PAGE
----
Short boys are more likely to have to repeat a year in school than boys of normal stature or than girls irrespective of height, according to research just published in the Archives of Disease in Childhood (March 28, 2000). Birthweight and parental education, factors which are often associated with differences in children's heights, did not influence these findings at all.
Researchers from the University of Melbourne, Australia measured the height of children in a cross-section of just under 3000 boys and girls from 24 different primary (elementary) schools. There were about equal numbers of boys and girls. They ranged in age from 5 to 12 years. And there were around 400 children in each school year.
Older boys were relatively shorter than their younger peers for each of the school years: two thirds of the "repeaters" were boys. The findings could not be explained by social and economic factors, ethnicity, or parental education levels -- all factors known to be associated with height differential.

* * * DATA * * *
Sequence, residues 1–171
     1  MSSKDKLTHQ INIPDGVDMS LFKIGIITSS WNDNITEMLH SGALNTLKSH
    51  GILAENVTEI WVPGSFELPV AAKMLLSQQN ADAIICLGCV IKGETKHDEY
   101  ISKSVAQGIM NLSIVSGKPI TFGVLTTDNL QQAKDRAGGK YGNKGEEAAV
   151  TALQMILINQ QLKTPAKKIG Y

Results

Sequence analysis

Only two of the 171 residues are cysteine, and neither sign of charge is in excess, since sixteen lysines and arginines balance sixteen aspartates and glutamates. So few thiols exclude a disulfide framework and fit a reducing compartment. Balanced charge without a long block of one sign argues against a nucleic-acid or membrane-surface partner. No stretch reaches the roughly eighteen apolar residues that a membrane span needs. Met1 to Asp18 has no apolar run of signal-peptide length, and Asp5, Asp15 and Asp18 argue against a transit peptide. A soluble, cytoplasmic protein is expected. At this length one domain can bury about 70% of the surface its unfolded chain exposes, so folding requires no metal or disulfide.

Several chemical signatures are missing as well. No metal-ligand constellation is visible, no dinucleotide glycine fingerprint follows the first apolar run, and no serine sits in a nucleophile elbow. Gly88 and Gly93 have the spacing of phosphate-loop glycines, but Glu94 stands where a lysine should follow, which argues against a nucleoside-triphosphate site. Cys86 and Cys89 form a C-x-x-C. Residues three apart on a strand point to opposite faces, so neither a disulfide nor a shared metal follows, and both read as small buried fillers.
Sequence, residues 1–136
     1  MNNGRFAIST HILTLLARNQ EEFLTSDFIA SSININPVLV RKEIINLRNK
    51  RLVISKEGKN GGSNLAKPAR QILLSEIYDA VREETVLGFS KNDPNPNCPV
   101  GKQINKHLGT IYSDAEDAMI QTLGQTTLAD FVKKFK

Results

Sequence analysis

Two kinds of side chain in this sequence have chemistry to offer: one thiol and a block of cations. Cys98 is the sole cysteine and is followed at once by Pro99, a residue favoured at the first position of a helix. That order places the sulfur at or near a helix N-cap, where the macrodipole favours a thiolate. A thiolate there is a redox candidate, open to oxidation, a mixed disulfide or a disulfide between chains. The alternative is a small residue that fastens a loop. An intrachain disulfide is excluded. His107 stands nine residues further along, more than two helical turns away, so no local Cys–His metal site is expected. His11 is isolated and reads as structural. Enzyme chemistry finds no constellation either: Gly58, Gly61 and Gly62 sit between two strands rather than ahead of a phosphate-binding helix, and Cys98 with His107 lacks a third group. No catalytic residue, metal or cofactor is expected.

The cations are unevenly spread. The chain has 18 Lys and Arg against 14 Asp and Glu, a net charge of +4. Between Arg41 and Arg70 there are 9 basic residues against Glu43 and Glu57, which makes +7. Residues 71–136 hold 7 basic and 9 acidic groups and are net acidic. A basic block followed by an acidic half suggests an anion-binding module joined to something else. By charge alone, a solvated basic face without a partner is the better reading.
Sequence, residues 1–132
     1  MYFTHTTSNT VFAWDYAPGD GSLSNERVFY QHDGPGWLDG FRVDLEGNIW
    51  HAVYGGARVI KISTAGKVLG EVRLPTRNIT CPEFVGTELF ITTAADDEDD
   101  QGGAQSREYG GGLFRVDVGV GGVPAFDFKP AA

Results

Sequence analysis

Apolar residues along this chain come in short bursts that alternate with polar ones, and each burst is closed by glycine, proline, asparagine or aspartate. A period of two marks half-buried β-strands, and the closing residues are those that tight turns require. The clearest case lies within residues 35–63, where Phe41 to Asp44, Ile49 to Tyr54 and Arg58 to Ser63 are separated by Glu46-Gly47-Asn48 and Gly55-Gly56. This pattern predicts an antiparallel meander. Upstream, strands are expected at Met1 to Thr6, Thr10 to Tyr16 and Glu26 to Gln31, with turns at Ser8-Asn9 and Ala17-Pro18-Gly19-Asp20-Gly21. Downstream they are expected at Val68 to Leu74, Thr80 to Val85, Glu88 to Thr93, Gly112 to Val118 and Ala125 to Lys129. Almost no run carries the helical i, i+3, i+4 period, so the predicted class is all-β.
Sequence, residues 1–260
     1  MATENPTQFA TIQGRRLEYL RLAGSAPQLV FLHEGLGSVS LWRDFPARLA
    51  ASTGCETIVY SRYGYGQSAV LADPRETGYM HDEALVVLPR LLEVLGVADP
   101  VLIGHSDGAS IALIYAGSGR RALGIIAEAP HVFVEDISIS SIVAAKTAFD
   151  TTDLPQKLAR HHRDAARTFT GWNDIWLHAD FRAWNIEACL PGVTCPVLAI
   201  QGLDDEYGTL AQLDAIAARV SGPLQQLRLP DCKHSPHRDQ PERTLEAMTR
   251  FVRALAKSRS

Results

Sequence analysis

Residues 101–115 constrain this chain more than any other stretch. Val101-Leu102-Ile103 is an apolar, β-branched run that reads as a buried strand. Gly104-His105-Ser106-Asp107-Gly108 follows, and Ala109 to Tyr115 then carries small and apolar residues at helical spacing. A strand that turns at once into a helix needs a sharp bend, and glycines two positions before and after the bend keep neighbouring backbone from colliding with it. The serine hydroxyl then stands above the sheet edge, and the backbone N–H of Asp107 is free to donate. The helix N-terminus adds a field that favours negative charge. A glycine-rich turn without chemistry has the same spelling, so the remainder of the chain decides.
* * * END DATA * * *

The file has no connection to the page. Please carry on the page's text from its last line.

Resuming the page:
Height selectively slowed boys down in their progression through the primary school grades. Height had no detectable effect upon girls in this regard.
The authors suggest that while the smaller boys might have been performing less well at school, overall, than their taller peers, their height may have "tipped the balance" in favor of a decision to keep them back a year. This may reflect societal attitudes towards short children, they conclude.
There is some evidence to show that height influences the way in which a person is perceived, and that adults tend to treat children at a level appropriate to their size rather than their age.
Reference: Melissa Wake, David Coghlan, and Kylie Hesketh. Does height influence progression through primary school grades? Arch. Dis. Child. 2000; 82: 297-301.
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